While this is going on, King Richard is having his own struggles. Madalena is thoroughly unimpressed with the king’s childish ways, so Gareth takes it upon himself to teach his ruler the manly art of manliness. It’s hard to pick just one “best” line from the episode as the delivery and dialogue out of everyone’s mouth is hilarious, but I have to say my personal favorite when King Richard, after being toughened up by Gareth, proclaims to Madalena with a swagger that he will be drinking an ale at dinner “from the BOTTLE”, then belching and asking his wife if she “whiffed” it. It’s just so absurd and over the top it has to be funny. Madalena and King Richard also share a moment at dinner, leading us into a song where the pair decide that maybe the other “isn’t the worst thing ever”. Galavant and Isabella join in from afar, further hinting at a budding relationship between the two of them. I have to say, any love ballad that begins with the line “you’re frigid…” will definitely entertain me. But the goodwill between King Richard and Madalena is short lived and the king regresses into his foppish ways, seeking a bone crushing hug from Gareth.

And there you have it, the first two episodes of Galavant! How did you like it, dear readers, were you singing along?

One of the things I enjoy the most about Galavant are the characters. They constantly challenge your expectations of what is means to be a hero, or a damsel in distress, or even the villain. Galavant retaining his heroic ways and still being fallible and in need of some practice is refreshing given how often we’ve seen heroes instantly reclaim their skills when a new quest is presented before them. I like that Galavant needs some work, it keeps me rooting for him. Isabella as well. She is a lying liar who lies and yet I still like her for her determination and her skills. She is unapologetically focused and can hold her own against all those she meets. It’s clear that Isabella wears the pants on this quest and I look forward to more from her.

King Richard is the show stealer without a doubt. His character is less of a bumbling man-child and more of an eccentric child trapped in a king’s body. While we often see a character as spoiled as this come off as unintelligent, King Richard has plans and that’s what makes him dangerous. He is blunt, which often results in hilarity, but that also means he has no problem expressing what he wants and then taking it. And he has the power to do so. Madalena is interesting as well. She is clearly being painted as the least sympathetic character and yet she remains our hero’s focus. I’m very intrigued to see where her character ends up and if she softens or remains harsh.

The supporting cast of Sid, the cook, and Gareth all excel in highlighting the quick wit displayed on Galavant, as well the big name guest star John Stamos. Normally I would be turned off by such a distracting addition coming into the story so soon; the audience has only just learned about the main characters. And yet, Jean Hamm is like a feather in the cap of the second episode, a fun tidbit that’s used sparingly enough so as not to distract from the main event.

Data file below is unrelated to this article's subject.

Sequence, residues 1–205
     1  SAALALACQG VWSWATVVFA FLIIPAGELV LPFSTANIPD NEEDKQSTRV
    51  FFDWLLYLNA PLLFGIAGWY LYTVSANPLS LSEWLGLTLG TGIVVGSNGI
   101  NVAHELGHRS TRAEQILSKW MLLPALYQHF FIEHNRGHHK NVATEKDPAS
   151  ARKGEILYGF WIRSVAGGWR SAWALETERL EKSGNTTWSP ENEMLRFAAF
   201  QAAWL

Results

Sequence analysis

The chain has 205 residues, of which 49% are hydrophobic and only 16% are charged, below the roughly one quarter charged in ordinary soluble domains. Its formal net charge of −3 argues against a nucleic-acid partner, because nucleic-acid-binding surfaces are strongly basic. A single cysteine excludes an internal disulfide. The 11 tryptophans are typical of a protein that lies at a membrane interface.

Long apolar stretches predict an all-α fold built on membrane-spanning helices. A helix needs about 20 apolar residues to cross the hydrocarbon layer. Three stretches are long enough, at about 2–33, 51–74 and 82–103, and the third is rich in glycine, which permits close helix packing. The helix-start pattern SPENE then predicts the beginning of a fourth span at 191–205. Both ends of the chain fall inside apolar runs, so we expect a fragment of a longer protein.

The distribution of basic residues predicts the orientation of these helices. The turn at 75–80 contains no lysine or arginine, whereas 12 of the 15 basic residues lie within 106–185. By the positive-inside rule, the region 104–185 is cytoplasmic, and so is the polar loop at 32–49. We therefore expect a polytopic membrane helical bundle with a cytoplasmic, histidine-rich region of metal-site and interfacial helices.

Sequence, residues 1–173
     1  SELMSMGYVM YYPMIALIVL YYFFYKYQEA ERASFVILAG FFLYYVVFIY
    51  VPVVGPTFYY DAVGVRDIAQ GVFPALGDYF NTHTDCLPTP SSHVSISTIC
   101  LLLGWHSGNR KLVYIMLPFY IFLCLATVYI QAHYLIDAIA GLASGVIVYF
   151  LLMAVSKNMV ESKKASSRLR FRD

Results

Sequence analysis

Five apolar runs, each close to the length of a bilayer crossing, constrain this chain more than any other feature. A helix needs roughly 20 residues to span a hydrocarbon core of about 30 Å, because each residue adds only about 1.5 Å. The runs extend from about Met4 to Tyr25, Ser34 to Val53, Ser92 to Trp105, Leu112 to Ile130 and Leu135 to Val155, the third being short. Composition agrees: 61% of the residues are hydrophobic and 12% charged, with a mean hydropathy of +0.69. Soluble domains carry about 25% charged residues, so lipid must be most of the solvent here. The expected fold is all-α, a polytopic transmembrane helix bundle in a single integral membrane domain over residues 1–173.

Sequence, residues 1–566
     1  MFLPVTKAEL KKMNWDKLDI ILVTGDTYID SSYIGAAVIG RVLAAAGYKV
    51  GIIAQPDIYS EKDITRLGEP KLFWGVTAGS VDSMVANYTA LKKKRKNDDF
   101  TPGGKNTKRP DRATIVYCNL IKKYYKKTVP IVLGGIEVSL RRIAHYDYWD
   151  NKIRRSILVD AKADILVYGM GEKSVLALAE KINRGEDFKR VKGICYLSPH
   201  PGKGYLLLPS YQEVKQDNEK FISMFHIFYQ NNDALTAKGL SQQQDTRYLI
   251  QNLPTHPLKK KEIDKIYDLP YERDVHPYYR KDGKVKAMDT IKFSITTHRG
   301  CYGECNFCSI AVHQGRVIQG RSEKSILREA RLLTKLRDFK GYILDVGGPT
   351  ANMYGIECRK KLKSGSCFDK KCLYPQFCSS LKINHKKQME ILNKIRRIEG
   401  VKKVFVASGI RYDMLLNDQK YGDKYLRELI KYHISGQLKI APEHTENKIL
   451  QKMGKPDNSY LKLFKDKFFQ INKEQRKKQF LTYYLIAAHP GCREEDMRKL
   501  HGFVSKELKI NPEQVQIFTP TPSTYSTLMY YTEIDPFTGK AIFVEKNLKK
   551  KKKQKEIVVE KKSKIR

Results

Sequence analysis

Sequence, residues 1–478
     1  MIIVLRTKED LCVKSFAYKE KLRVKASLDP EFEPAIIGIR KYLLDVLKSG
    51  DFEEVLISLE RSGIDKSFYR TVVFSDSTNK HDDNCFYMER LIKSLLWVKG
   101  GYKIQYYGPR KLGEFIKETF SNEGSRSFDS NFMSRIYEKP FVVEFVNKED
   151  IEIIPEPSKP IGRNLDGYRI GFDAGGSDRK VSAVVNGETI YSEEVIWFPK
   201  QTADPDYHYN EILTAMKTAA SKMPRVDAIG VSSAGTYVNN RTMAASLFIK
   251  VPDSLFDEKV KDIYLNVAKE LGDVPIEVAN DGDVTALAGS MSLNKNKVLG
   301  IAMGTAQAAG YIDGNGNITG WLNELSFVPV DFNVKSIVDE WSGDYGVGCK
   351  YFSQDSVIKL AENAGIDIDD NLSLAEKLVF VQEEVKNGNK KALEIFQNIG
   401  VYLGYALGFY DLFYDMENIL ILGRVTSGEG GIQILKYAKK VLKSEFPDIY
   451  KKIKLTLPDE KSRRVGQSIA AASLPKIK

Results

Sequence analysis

The songs are wonderful with some of the best writing on the show hidden in those lyrics. The performances are enthusiastic and witty and the cast a superb set of singers. I can say prefer the group numbers of episode two to the solo performances of episode one though, just because the cast works so well together. And speaking of witty, the volley of dialog between the characters has to be seen and heard to believe. Every line is delivered on point and this is one of the few shows that had me consistently laughing out loud.

With such a short run I’m looking forward to the plot progressing quickly and sweeping us viewers up in the adventure. Galavant is cheeky and takes itself just seriously enough for the audience to enjoy the hammy nature of the whole thing. There is a fine balance struck with this show which is the secret to its success. The show stops just short of becoming too silly and doesn’t beat its viewers over the head with the fact that it is about a bunch of medieval maniacs singing songs. Galavant says orange when you are expecting it to say banana and you are indeed glad that it does. I can’t wait for more.

Tune in next week for a new pair of adventures “Two Balls” and “Comedy Gold”!

About the Author – Ashley B
Ashley is as serious as a sleeping curse when she says television is her life. Professional event planner, avid movie viewer, convention enthusiast, and resident sass master, Ashley writes reviews for ABC's Once Upon a Time, Once Upon a Time in Wonderland, and Galavant, as well as Showtime’s Penny Dreadful. She looks forward each week to the weird and wonderful world her favorite television programs provide.